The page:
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konkrete & seeds

Quote: “The constellation, the word-group, replaces the verse. Instead of syntax it is sufficient to allow two, three or more words to achieve their full effect. They seem on the surface without interrelation and sprinkled at random by careless hand, but looked at more closely, they become the center of a field of force and define a certain scope. In finding, selecting and putting down these words (the poet) creates “thought-objects” and leave the task of association to the reader, who becomes a collaborator and, in a sense, the completer of the poem.”
– Eugen Gomringer, 1951, via Kinetext, dynamic typography, p. 20-25

Happy squee. I got 2 more books in the mail:

1) konkrete poesie anthogie by eugen gomringer, (reprinted by philipp reclam‘s universal-bibliothek, 1980, from the 1950s and 1960s)

Such lovely poems. So many fresh ways with text, such as this by Heinz Gappmeyr

w ↑ e ↑ i ↑ s ↑ s

Don’t know if his poem is about winter weather or race relations; I first mistranslated with “my german” as meaning,

w &#8592 e &#8592 s &#8592 t

Also in the anthology with gomringer (ooh, lovely stuff), helmut heiBenbüttel, ernst janl (who particularly piqued too), friedrich achleitner, max bense who wrote


beautiful simplicity and suggestion of ode to the star, kingly, the river of milky way, the golden stars, the black river of night, the cycle of music of the cosmos.

Claus bremer, reinhard döhl, kurt marti, hansjörg mayer (nummy negative space), franz mon, diter rot, gerhard rühm (sweet sound transformations), konrad balder schäuffelen, andré thomkins, timm ulrichs and wolf wezel (minimal butes),

So much makes me laugh aloud in surprise and what constellations arise.

2) Incessant Seeds (Pavement press, 2005) by Sheila E. Murphy which are these continual rolling sentences, 14 syllables per line, 14 lines per page, each hooking forward to rest and each almost self contained, each line, each page. To carve out a sample, cuts the ties in either direction but here’s a taste,

Threads of reflex conversation, meanwhile clay birds are shot
From stressed-appearing trees taut with lines pointing away
Streetlamps part of the mood, part of the art acquiring
Context for itself de facto static underpinned by
Cortex that includes baked bread, say it with me, say it now…
Outcomes reverse-revere, thus we succumb to permanence
Before it has to matter, the most fun receptors quake
With what they have received, prosperity induces reading
Poverty does not, war induces bleeding, peace does not
In general the party line is lined with principles
[…]By being what we were in contexts that now seem benign
And out of synch and perfectly imaginary falls
From grace, of realismo propped up by religious voice

Love the pivots and sharp specifics, the way things are cinched inside lines and then widened more by enjambments to embrace next line. Leaves one rather breathless if going too fast. Is the book not worth reading for Outcomes reverse-revere, thus we succumb to permanence? That line alone slays me still. The cortex that includes baked bread. These sensory things that don’t even register consciously but influence, such as the scent of vanilla, or yeast, some timbre in tone that resonates way back in the brain fixing the new data to be more liked or less based on nothing in the here and now and logical.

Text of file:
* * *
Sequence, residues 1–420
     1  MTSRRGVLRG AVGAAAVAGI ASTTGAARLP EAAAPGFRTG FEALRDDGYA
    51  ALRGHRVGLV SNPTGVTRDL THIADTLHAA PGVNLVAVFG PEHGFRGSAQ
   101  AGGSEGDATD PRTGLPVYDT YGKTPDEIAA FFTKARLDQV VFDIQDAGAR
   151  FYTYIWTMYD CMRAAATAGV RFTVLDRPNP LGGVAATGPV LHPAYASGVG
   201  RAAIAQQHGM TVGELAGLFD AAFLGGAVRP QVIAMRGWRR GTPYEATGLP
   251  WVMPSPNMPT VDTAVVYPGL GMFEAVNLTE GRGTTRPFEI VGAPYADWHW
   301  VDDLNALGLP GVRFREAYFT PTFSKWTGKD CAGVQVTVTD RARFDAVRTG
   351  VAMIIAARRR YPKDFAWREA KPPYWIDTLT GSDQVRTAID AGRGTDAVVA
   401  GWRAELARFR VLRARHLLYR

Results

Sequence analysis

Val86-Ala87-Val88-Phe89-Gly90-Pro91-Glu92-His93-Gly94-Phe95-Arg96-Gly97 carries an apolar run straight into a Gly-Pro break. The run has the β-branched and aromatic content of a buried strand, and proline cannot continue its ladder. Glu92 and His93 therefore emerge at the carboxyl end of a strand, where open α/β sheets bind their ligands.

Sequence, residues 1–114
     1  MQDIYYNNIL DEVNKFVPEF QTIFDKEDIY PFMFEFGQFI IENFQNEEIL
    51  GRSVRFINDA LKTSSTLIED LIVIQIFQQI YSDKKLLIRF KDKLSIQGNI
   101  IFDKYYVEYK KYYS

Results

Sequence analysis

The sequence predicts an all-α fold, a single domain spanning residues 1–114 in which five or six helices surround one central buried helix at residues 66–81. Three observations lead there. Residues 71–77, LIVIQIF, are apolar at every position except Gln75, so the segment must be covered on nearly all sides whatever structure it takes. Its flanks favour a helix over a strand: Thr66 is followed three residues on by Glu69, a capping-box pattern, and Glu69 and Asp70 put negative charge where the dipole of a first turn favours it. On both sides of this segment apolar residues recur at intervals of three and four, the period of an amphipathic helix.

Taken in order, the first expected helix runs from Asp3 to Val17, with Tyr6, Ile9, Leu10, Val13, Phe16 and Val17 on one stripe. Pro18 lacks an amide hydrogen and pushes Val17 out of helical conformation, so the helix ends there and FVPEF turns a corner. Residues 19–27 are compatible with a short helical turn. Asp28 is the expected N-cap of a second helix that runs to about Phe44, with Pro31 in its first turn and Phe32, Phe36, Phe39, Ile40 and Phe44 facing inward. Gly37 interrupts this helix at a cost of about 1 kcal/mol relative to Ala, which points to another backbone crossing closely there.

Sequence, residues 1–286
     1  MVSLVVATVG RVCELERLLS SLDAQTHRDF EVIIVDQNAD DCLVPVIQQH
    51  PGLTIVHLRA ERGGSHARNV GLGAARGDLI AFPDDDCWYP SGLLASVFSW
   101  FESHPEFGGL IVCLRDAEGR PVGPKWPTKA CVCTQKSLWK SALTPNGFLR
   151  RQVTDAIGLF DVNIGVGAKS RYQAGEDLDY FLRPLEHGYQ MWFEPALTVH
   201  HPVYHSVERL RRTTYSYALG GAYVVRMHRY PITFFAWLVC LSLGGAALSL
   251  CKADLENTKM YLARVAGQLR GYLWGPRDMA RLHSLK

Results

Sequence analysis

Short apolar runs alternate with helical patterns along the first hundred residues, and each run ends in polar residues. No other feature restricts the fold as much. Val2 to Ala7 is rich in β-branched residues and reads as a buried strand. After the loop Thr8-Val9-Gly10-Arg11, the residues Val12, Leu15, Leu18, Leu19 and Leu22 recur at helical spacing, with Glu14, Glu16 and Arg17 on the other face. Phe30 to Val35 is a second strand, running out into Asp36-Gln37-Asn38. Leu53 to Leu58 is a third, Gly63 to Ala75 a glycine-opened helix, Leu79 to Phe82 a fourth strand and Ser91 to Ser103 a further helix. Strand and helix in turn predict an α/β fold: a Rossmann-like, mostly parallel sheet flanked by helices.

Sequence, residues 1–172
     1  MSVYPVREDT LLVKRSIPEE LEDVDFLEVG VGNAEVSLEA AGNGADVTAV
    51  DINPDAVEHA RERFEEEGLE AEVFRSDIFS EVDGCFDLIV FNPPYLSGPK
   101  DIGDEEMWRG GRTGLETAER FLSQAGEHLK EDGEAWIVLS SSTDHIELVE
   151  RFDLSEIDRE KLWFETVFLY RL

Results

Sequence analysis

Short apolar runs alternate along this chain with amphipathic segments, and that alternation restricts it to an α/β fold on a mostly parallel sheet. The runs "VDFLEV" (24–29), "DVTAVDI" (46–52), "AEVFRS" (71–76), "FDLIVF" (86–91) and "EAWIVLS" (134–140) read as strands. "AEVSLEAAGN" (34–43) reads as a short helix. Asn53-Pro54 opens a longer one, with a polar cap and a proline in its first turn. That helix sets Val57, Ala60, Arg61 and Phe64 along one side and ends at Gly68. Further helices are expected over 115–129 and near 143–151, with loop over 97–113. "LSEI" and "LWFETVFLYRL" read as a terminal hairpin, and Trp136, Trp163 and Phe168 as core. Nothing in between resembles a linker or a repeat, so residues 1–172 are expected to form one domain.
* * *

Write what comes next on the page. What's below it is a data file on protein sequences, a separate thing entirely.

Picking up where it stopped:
Our brain stems are parasites that hijack higher functions and actions and the way we narrate ourselves into a context for incidentals of the built environment, imploding and projecting significances, “outcomes reverse-revere”, retroactively overwriting how it must have been all along.

All this and still basking, taking slow as I can Cometology by Stephen Brockwell. It has an incessant pulling forward line to line to poem to poem. Some feel private, a delicate sharing, like it would be uncouth to repeat. Each section is so distinct but to pick? From where I am, Compulsive in the Public Library, 6, p. 56,

The Minister of Compulsion
hold two steel ornaments ––
jetliners —   from the hood of what old car?
       flies over the pages
                  matching an image of a woman
                              to a photograph from film
flips through Kubrick, reduced to a black and white
                  removes a loose page

I am still in Among These Waters by Mary O’Donoghue from County Clare,

From the latter, p. 34, Ruckus of the flamenco dancer

Her lips are rioja colour,
a savage foliage.
Then their meanderous
ping-twang strumming
picks up, chases itself
to a frenzy, and her elbows
propel her into their smell:
drink-spill, wet patches tacked
to their shirts by stiff nipples.
Her back shawl is flock
of crows, darting, flitting
disappearing in the birl

And still in Dead Cars in Managua by Stuart Ross, Sample from p. 40 in 14. Rock and Roll

When Barry McGuire
says “Coagulatin’,”
my blood coagulates.
I tell the doctor this.
He looks at me.
and I’m mist on the mirror.

Discipline is hard when it means pausing.

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One Response

  1. busy

    –nice ruckus!


    AnonymousJuly 21, 2008 @ 10:48 am

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